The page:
Tonawanda News

May 19, 2013

Consider Diamonds in the Ruff

The Tonawanda News

Tonawanda News — Iris the Queen, a 5-year-old pitbull, was surrendered in August 2011. She had delivered four litters of puppies and was in a home where she was left in a room. Iris had an infected mammary gland that had ruptured and her owner could not care for her anymore and was going to euthanize her. 

Volunteers from Diamonds in the Ruff set her up at their rescue facility in the Town of Lockport and took turns staying with her so she would not be alone.

They observed her behavior and after months of treatment at Companion Care Animal Hospital, Iris the Queen was given a clean bill of health.

Iris loves people, but was selective in the type of dogs she would tolerate and did not like cats.

With these requirements, placing her was going to be tricky. A couple months ago Iris found a new permanent home, with caregivers who spoil and adore her.

This is just one of the touching achievements Diamonds in the Ruff has made since it officially began operating in the spring of 2011. The facility Iris was at houses two to three dogs — depending on their temperament — and around ten cats. 

Diamonds in the Ruff does not like kennels, so the dogs’ temporary housing includes couches, day beds, toys and music. The dogs also have a large fenced-in yard where they can get daily exercise. The cats reside in a “catroom” that also includes beds and toys with the addition of cat towers and bay windows for optimal viewing. 

This type of atmosphere, they say, will allow for a smooth transition as the animals get adopted out. However, most of the animals are located in foster care, with their team of volunteers, throughout Western New York.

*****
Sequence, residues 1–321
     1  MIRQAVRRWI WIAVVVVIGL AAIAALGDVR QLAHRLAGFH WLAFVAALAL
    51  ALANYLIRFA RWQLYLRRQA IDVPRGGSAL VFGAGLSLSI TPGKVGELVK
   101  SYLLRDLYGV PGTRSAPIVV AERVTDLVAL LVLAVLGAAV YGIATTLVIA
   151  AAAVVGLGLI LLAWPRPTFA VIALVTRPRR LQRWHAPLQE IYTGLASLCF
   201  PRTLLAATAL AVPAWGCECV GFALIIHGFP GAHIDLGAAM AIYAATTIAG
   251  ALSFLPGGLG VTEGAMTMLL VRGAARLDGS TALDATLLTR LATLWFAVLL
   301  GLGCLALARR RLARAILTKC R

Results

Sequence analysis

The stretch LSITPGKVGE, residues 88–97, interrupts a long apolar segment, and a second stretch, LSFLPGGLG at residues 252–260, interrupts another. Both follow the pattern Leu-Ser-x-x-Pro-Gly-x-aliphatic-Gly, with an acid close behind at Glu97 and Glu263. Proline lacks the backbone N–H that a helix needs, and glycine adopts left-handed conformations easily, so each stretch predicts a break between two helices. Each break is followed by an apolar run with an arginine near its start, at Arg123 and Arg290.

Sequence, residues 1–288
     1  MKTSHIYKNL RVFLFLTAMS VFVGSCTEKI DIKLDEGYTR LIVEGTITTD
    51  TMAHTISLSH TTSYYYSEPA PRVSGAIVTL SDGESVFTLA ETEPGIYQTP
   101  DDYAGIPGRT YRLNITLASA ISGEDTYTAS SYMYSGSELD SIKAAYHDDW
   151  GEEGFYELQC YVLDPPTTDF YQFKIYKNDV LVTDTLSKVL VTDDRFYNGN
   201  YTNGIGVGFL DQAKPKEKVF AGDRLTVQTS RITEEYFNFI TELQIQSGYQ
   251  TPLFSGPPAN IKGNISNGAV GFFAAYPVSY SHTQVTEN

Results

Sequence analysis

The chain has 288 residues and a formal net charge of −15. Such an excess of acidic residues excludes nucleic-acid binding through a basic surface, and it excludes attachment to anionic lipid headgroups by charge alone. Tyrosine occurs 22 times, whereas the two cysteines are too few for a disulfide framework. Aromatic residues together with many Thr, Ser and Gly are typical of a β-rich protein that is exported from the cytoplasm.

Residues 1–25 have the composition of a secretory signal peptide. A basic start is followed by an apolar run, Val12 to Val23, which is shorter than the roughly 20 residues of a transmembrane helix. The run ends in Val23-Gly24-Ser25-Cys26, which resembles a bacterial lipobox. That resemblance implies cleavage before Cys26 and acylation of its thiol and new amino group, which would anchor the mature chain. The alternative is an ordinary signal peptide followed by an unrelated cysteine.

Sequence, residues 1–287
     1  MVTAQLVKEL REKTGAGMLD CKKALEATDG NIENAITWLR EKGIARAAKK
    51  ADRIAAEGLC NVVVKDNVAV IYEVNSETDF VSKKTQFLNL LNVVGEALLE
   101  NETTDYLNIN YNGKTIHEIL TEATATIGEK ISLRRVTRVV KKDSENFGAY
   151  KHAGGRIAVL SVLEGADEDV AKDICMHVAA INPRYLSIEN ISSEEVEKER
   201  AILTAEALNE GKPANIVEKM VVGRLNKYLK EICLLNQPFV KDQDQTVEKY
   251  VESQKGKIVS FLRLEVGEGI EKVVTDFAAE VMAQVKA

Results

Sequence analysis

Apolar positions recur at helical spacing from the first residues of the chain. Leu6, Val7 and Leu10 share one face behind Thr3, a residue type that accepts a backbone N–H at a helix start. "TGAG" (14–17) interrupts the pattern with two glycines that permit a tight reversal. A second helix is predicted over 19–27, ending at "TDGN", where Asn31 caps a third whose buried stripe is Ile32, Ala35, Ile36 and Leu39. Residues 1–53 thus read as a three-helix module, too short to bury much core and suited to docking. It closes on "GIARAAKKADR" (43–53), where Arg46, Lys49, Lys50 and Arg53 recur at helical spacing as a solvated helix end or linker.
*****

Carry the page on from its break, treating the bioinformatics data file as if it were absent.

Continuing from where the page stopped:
The rescue was started by a small group of passionate pet caregivers who met volunteering at a shelter. They had different ideas on how animals should be housed which led them to start their own rescue.

The rescue operates and pays for the health of the animals strictly by their own efforts. Currently they have around 20 dogs, 15 cats and 15 exceptionally involved volunteers.

In addition to providing foster homes, volunteers visit the rescue’s facility and check on the animals during one of the four shifts per day. Many volunteers check in during non-scheduled shifts to visit, socialize and enrich.

Maria Sansone, one of the founding members, believes “A potential pet owner should consider DITR because they would be saving a life when they adopt from our rescue.” 

Sansone also serves as a board member and treasurer at the rescue. 

 “We save lives by pulling dogs from death row in shelters, taking in homeless, abused and neglected animals and also re-homing people’s unwanted pets.” 

The adoption process includes filling out an application, setting up a meeting with the family (including current pets), calling vet references and a home visit. 

Fostering is another option for those looking to help. After filling out an application and a home visit that meets their criteria, DITR does the rest. The rescue pays for all of the needs of the animal including food, veterinarian bills and supplies. 

“Someone should consider fostering because it’s easy, rewarding and it allows us to keep saving animals that need to be rescued,” Sansone said. “The most difficult animals to foster and adopt out are older animals, ones with medical needs and bully breeds because of preconceived reputations they have.”

All of the volunteers at DITR are employed full-time elsewhere and do this work in their spare time. 

Other volunteer opportunities include helping maintain and clean the facility, web design and maintenance, grant writing, printing of tickets and posters and helping with fund-raising events.

If you are looking for a critter companion that has some hidden, but exceptional characteristics and a lot of potential, look no further.

These jewels will truly stand out from the crowd. Sansone notes, “We see the beauty in any animal regardless of what they look like or what they have been through.”

To find out more about this 501(c)(3) nonprofit organization you can visit their facebook page found through Critter Companions or their website:

Kenny Coogan has a B.S. in animal behavior. Please email your questions to, or search for “Critter Companions by Kenny Coogan” on Facebook.

Kenny Coogan has a B.S. in animal behavior. Please email your questions to, or search for "Critter Companions by Kenny Coogan" on Facebook.